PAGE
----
Reproductive Counseling by Clinic Healthcare Workers in Durban, South Africa: Perspectives from HIV-Infected Men and Women Reporting Serodiscordant Partners
Smit, J. A.
MetadataShow full item record
CitationMatthews, L. T., T. Crankshaw, J. Giddy, A. Kaida, C. Psaros, N. C. Ware, J. A. Smit, and D. R. Bangsberg. 2012. Reproductive counseling by clinic healthcare workers in Durban, South Africa: perspectives from HIV-infected men and women reporting serodiscordant partners. Infectious Diseases in Obstetrics and Gynecology 2012:146348.
AbstractBackground: Understanding HIV-infected patient experiences and perceptions of reproductive counseling in the health care context is critical to inform design of effective pharmaco-behavioral interventions that minimize periconception HIV risk and support HIV-affected couples to realize their fertility goals. Methods: We conducted semistructured, in-depth interviews with 30 HIV-infected women (with pregnancy in prior year) and 20 HIV-infected men, all reporting serodiscordant partners and accessing care in Durban, South Africa. We investigated patient-reported experiences with safer conception counseling from health care workers (HCWs). Interview transcripts were reviewed and coded using content analysis for conceptual categories and emergent themes. Results: The study findings indicate that HIV-infected patients recognize HCWs as a resource for periconception-related information and are receptive to speaking to a HCW prior to becoming pregnant, but seldom seek or receive conception advice in the clinic setting. HIV nondisclosure and unplanned pregnancy are important intervening factors. When advice is shared, patients reported receiving a range of information. Male participants showed particular interest in accessing safer conception information. Conclusions: HIV-infected men and women with serodiscordant partners are receptive to the idea of safer conception counseling. HCWs need to be supported to routinely initiate accurate safer conception counseling with HIV-infected patients of reproductive age.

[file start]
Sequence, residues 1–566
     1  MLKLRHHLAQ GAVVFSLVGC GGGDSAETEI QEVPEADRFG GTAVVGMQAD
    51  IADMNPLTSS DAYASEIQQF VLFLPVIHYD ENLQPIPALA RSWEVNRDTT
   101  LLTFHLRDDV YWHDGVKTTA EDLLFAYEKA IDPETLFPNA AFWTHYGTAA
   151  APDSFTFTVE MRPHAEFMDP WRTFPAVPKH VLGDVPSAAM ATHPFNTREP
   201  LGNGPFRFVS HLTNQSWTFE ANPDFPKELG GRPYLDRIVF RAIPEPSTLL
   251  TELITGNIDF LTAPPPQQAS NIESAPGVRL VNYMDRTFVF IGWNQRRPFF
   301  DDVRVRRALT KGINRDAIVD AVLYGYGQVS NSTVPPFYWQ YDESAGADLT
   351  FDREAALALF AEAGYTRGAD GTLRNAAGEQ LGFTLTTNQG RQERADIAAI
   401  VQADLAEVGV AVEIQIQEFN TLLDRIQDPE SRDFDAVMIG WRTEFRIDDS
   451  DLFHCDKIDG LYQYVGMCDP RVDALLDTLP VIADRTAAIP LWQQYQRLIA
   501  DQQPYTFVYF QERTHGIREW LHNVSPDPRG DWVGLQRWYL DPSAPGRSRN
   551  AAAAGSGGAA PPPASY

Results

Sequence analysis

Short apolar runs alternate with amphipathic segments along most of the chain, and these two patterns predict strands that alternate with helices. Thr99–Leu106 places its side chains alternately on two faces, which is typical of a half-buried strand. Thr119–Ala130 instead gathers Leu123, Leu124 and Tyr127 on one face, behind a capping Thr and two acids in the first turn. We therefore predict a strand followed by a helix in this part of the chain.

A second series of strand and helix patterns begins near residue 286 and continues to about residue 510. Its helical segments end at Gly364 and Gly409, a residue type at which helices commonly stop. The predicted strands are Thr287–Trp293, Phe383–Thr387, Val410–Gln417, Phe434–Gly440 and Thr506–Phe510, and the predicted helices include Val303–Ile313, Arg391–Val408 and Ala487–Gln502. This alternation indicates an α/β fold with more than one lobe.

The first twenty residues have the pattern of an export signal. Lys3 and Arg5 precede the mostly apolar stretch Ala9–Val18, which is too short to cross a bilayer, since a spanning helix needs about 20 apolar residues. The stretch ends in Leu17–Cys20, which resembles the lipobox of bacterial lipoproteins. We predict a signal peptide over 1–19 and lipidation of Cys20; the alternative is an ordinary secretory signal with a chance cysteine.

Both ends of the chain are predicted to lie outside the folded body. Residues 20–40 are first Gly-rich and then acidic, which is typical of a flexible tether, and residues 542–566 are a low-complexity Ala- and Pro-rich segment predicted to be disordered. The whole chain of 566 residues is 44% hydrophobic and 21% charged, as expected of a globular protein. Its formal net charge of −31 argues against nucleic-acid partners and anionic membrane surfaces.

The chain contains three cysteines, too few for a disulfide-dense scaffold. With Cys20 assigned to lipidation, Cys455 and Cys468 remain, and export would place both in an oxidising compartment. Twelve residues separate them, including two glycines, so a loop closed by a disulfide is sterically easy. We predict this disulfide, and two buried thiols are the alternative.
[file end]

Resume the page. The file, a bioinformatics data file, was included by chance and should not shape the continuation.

Citable link to this pagehttp://nrs.harvard.edu/urn-3:HUL.InstRepos:10473959
- HMS Scholarly Articles 
Contact administrator regarding this item (to report mistakes or request changes)